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This week, I gave a talk (with a little bit of workshopping) as part of the third module of IPA Excellence Diploma. This was a course I did back in 2007/8, and without doing it, I probably wouldn’t be doing what I do now, and definitely wouldn’t be thinking about things in the way I do.
It’s never a substitute, but people have asked if I’d be sharing the slides, so here you go. Just imagine that when you get to the ones that make no sense, I am in front of you saying something really profound. Ignore that pesky internal voice of yours that questions that how likely that would be, and just go with it…
It was an honour to be invited back by Amelia and Sera from The Fawnbrake Collective, who have taken over and reimagine dates course for the 2020s. Yet it feels like a gift, because being asked to reflect on 12 years of making / thinking and spot patterns in your own process has given me a view of my own work I’d never have seen otherwise. We alway look at the mountains ahead, rather than the hills behind.
The title of course comes from Dan Dennett’s 2013 book, Intuition Pumps and Other Tools For Thinking, and quite clearly I’m still a sucker for anything that extends the blacksmith metaphor…
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Replacing screens in the world with the one you have in your hand. Questions about how much of a public service this remains – can everyone afford the hardware, software, data charge and experience to access this info?
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I’ve noticed that there’s a fascinating little exchange at the end of the Ocado process. After you’ve received all your shopping, the delivery driver will ask ‘have you got any bags to return?’. It’s the bag recycle scheme they’ve been doing for a few years, where they give you 5p for every bag you give them back. After you hand them the pile, they ask ‘how bags do you think that is?’. You then say a number – you might know, or like us you might guess.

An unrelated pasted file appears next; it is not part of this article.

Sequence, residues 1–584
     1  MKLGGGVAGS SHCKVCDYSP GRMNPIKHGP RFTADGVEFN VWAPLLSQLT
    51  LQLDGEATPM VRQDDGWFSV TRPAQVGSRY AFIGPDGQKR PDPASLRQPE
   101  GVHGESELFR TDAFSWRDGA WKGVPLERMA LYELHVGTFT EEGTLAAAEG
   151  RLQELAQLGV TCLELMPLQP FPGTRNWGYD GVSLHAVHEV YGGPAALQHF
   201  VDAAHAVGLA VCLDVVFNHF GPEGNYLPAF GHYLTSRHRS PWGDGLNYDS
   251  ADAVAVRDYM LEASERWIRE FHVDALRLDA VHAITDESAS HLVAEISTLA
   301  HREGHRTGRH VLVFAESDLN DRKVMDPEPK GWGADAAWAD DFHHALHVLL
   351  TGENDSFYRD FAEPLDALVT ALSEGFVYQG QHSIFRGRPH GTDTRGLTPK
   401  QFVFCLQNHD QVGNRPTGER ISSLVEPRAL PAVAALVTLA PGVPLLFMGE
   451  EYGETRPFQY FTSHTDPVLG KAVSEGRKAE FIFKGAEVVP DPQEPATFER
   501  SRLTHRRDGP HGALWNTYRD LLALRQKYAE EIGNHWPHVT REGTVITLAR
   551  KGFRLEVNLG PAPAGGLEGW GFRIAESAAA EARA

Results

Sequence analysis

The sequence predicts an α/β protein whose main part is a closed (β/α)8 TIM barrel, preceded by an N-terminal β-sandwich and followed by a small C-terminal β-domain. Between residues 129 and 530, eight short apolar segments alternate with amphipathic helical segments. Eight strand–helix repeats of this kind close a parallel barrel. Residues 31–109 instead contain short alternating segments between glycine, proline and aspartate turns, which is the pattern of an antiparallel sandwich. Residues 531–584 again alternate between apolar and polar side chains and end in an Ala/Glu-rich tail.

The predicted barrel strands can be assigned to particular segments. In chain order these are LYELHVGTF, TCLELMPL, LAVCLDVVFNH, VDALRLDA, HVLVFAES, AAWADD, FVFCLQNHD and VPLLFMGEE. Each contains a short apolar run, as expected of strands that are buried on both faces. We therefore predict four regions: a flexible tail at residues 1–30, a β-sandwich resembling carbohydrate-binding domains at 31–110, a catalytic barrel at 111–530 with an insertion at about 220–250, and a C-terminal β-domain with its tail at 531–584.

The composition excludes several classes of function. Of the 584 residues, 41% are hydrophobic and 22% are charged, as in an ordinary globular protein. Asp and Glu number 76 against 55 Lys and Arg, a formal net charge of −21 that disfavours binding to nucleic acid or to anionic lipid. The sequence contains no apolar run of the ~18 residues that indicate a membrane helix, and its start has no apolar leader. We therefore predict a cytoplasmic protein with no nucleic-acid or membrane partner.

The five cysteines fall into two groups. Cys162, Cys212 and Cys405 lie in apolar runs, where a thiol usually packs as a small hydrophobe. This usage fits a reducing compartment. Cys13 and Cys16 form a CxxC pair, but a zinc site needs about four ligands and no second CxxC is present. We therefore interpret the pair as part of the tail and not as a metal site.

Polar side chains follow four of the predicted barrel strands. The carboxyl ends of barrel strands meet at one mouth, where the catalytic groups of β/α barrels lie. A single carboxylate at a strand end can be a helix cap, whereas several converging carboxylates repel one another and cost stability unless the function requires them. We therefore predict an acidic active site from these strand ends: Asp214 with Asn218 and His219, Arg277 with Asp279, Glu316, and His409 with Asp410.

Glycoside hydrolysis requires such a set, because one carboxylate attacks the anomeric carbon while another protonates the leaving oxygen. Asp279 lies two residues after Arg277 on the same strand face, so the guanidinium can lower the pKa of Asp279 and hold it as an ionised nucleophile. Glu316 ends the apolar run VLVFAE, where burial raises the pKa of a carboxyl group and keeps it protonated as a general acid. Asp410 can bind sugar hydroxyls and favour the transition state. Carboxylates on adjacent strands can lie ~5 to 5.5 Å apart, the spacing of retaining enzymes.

‘About 12?’ I offered today. “Ok, I’ll call it 20” said the driver, and off they went.
And it’s not just one or two drivers in particular that rounds up the number in this manner, but all of them. It’s so consistent, in fact, that today I started to wonder if it was designed as an exchange, as part of the service.
Because it’s such a simple, generous idea, to leave a customer at the end of the interaction feeling like the representative in the company has just given them something back.
It’s not really about the amount, the 40p extra refund. It’s the gesture that makes it work. And the fact that it’s a gesture from a person, rather than a discount figure that appears on an app, powered by an unseen algorithm. In comparison to other service companies who send people to your door, that projection of autonomy in the job is interesting.
During Natalie Kane’s presentation on the IED Innovation and Future Thinking course last month (yes, I will write something up, promise), she showed the class this, the Amazon warehouse picker wearable. It’s the antithesis of autonomy in a job – it is telling you what, where, when, and how, and your only job is simply to comply.
What struck me as the class was discussing it was that, yes, this is a wearable, but not in the way that you think. It’s not a person wearing a device, it’s an algorithm wearing a person.
Yet if the Ocado ‘how many bags?’ exchange is ‘designed’ and instructional in some way, then it’s merely just the allusion of autonomy. Is this worse in some ways?
Look here; it’s a thing, in a shop:
Yes, that’s right, the new Artefact Cards are now available to buy in the Somerset House shop. They saw them at the Makerversity Christmas Fair and said “well, what are those, and can we sell them in our shop..?”
Which was good, because a big part of the Artefact Cards redesign was to make something people could pick up in a shop, and play with a bit, then either a) buy or b) put back in the same condition so the next person could try them.
Whilst you still still buy them online, of course, the goal this year is to get them in 100 shops around the world, as we start our retail world learning curve.
So if you’re passing, pop into to Somerset House, and check them out.
There’s something weird going on with putting people in windows to work. Like when restaurants sit diners next to the windows first, to make it seem busier than it actually is.